It has been 75 years since former prisoners were liberated from the Auschwitz concentration camp.
“For a person a like myself who has risen from the ashes to be around even today after all these years," said Henry Friedman. "It’s a miracle.”
Holocaust survivor, Henry Friedman, gives gratitude everyday to be living in a country he calls "paradise."
“Everyday that I get up I say what can I do today to say thank you America for giving me the opportunity to start a new life," said Friedman.
Friedman took a look at the memorial wall, which remembers the 11 million people who died in the Holocaust.
“See for years we couldn’t even talk about it. It took years for the ones to heal before we could open up,"said Friedman.
More than 75 years have passed since the largest killing center and concentration camp, Auschwitz, was liberated. However, hateful crimes continue to exist including some reported anti-semitic vandalism incidents in the valley.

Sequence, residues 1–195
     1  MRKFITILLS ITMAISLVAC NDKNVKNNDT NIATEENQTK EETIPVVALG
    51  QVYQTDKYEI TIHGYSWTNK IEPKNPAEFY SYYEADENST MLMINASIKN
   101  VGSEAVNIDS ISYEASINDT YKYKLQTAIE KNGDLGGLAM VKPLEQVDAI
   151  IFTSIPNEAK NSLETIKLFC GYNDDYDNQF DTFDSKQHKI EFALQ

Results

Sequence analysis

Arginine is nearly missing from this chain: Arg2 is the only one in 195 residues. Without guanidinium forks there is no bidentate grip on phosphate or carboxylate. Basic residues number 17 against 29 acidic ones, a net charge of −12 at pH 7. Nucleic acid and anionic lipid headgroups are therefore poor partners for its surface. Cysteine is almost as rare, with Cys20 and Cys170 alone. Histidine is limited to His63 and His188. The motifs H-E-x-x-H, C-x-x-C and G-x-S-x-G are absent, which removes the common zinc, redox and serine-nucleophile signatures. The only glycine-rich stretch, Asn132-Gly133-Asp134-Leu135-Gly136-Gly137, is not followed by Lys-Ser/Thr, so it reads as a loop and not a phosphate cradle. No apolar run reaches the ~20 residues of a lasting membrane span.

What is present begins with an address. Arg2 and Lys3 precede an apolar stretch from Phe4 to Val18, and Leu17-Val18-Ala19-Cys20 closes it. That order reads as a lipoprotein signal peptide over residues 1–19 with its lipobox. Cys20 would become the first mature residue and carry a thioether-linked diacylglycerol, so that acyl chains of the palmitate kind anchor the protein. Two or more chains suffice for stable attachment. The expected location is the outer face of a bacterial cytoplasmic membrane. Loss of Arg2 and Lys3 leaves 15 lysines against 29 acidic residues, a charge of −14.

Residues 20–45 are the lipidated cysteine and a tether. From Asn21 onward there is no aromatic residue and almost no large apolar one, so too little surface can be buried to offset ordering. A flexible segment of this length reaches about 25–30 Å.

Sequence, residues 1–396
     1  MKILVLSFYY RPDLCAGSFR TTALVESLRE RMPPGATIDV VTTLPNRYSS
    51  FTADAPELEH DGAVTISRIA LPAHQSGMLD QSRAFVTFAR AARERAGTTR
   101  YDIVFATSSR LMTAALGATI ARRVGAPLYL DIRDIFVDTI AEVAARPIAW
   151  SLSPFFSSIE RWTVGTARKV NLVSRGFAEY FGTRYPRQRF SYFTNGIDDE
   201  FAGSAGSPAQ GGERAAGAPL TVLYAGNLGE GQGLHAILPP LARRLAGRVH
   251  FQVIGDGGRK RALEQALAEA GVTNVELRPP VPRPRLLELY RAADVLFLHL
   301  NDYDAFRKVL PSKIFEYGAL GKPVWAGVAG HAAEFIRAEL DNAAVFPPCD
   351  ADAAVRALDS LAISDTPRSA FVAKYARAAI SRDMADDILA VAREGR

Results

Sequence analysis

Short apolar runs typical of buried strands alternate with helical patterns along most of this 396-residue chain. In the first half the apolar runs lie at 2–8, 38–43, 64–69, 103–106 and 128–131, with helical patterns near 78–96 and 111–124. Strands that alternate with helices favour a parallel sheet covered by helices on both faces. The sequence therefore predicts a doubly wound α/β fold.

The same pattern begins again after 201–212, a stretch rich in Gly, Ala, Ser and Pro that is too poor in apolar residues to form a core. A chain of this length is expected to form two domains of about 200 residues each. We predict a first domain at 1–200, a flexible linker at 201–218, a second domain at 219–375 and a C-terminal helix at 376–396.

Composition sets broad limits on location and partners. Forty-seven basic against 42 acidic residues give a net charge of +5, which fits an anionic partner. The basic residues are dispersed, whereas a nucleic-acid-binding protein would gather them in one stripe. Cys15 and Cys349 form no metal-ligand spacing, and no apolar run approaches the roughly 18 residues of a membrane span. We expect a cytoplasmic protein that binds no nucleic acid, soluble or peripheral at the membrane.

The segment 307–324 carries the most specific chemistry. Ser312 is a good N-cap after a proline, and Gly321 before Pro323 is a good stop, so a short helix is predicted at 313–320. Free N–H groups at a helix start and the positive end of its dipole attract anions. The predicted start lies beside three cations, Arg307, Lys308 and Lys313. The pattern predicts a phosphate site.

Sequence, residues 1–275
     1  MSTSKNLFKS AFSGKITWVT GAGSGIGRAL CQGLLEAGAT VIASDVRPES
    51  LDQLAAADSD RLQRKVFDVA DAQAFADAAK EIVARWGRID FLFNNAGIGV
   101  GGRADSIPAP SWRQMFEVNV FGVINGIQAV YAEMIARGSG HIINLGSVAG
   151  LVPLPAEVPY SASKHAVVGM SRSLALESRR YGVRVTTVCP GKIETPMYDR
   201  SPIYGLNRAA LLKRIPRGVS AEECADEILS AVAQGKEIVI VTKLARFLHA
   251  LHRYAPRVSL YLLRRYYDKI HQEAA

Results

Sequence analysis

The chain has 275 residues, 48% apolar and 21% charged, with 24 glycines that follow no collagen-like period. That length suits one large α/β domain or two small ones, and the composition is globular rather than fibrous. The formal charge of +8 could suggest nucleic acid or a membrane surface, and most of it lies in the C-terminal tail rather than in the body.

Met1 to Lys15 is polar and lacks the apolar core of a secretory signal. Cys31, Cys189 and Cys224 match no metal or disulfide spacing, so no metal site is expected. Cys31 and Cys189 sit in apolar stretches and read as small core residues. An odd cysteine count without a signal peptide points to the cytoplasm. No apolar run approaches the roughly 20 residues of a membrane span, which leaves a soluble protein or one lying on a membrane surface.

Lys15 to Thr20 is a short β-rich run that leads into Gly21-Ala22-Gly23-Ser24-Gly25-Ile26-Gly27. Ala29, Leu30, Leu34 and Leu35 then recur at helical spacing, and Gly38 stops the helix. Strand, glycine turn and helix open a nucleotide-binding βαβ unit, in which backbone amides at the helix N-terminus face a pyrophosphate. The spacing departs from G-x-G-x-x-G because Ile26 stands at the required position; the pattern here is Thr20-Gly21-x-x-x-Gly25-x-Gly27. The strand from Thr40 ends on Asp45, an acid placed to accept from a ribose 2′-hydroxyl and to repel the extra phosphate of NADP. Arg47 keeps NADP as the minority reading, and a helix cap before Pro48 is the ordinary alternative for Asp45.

“Anti-semitism is a sin. In order to stop this hatred, I would like to see the churches, the temples, the mosques and say that anti-semitism is a sin," said Friedman.
Organizers said the annual commemoration comes at a crucial time and are hoping the event sets the example for the younger generation.
“Only through education continual education, generation to generation, it can never stop the education you stop the education you open up a hole where hate can come out again," said Steven Geiger, Director of The Mensch Foundation.
Friedman has a message before the anniversary.
“You can prevent hatred, you can prevent bullying. You can not be a bystander because you are as guilty as the person that commits the crime,"said Friedman.